Hue finds pleasure in cheffery, so when Valeria Napoleone, Gallery and Retail Art Administration ’97 (profiled on p. 33 of the Spring 2013 issue of Hue), offered up a risotto recipe from her artful book, Valeria Napoleone’s Catalogue of Exquisite Recipes (Koenig Books, 2012), a night of cooking was in order. Hue, who can’t leave well enough alone, annotated the recipe for the benefit of enterprising cooks.
Risotto alla Milanese (Saffron risotto Milanese-style)
2 beef stock cubes, crumbled [Hue used 2 tsp Better Than Bouillon, a concentrated stock that tastes better than the Liptonesque dried cubes in the supermarket. Surely Napoleone has access to top-quality cubes, though.]
1 large onion, thinly sliced
80 g (3 oz) unsalted butter [For people who use sticks of butter (read: pretty much everyone), this measurement is going to mean very little. It’s 6 Tbsp or ¾ of a stick.]
350 g (12 oz) arborio or carnaroli rice [Carnaroli rice sounds delicious, but Hue could only find Arborio--still much better than standard Uncle Ben’s, which turns into horrible muck when cooked in this style. Also, for people without scales in their kitchens, Hue did the math. It turned out to be two-ish cups of rice.]
2–3 tablespoons grated parmesan cheese [Hue, a confirmed sybarite, prefers risotto with about a cup of cheese. But then it does get a little sticky. Also, Hue used grana padano, the brilliant but less flashy cousin ("She's a nice girl," her mother tells all the eligible men she can find) of parmigiano reggiano, because it was on sale.]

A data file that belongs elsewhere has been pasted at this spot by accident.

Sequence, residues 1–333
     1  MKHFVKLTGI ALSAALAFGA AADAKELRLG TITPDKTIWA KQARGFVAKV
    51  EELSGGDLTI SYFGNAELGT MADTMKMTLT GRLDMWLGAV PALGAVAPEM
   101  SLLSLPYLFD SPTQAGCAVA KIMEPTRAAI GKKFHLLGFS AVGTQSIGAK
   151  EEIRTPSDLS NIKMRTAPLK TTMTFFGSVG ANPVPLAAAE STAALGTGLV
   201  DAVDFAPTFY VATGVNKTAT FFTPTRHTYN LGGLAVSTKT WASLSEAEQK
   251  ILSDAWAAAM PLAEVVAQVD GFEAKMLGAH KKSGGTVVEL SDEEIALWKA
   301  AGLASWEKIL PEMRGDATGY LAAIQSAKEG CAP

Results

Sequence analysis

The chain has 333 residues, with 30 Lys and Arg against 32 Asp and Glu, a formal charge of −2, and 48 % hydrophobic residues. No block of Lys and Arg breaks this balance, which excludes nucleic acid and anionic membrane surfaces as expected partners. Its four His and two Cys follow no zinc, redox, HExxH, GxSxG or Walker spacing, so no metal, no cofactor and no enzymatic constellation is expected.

2 glasses white wine [Who measures their liquids in glasses?! Hue imagines Napoleone stirring her risotto with a wine glass to her lips, then, with an insouciant shrug, upending the glass into the pan. Perhaps 2 glasses means 10 ounces?]
1⁄2 teaspoon saffron powder [For those readers who lack supermarket curiosity, pound for pound, saffron is probably the most expensive substance you will ever ingest, with the possible exception of David Bowie's perspiration, 1973 vintage. The unit price on the supermarket tag for saffron is always five digits. It is often more expensive than gold. Hue owns neither a spice grinder nor a mortar and pestle, so creating powder from the threads meant crushing it between fingers over the pan. This was not difficult.]
Salt [Hue only had salted butter, so no extra salt was necessary.]
Make the stock in a saucepan by dissolving the 2 beef cubes in 1.5 litres (21⁄2 pints) boiling water.
Fry the onion in 50 g (13⁄4 oz) [Note: a little more than half] of the butter in another saucepan or heavy casserole until transparent and soft but not colored. [“Colored” must mean browned. Whoops, the heat was too high and the onions browned along the edges. Oh, bother.]
Stir the rice into the onions for 1 minute, then stir in the white wine and the saffron.
Allow the risotto to fully absorb the liquid. Add a ladleful of stock, stirring constantly, allow this to absorb before adding the next ladleful and continue in this way for about 20 minutes (20 minutes cooking time is essential for a good risotto, do not overcook!). [Hue realized too late that the pan was not big enough. A deft switcheroo solved that problem.]
When there are few minutes left to reaching the cooking time, do not add any more stock but allow any excess stock to absorb. The rice should be cooked but still firm to the bite. [Hue erred on the side of too firm, leaving a cup or two of stock left in the stockpot. It was a wise choice. At this point, the dish seemed a little bland, so Hue stirred in another teaspoonful of the Better Than Bouillon.]
Add the remaining butter in knobs, one by one, and the Parmesan. Season with a little salt if necessary and serve immediately.
Serves 6 [Actually, it served two quite nicely, each taking a moderate portion, then hovering over the pan with large spoons, gobbling madly. And still there were leftovers for risotto pancakes in the morning.]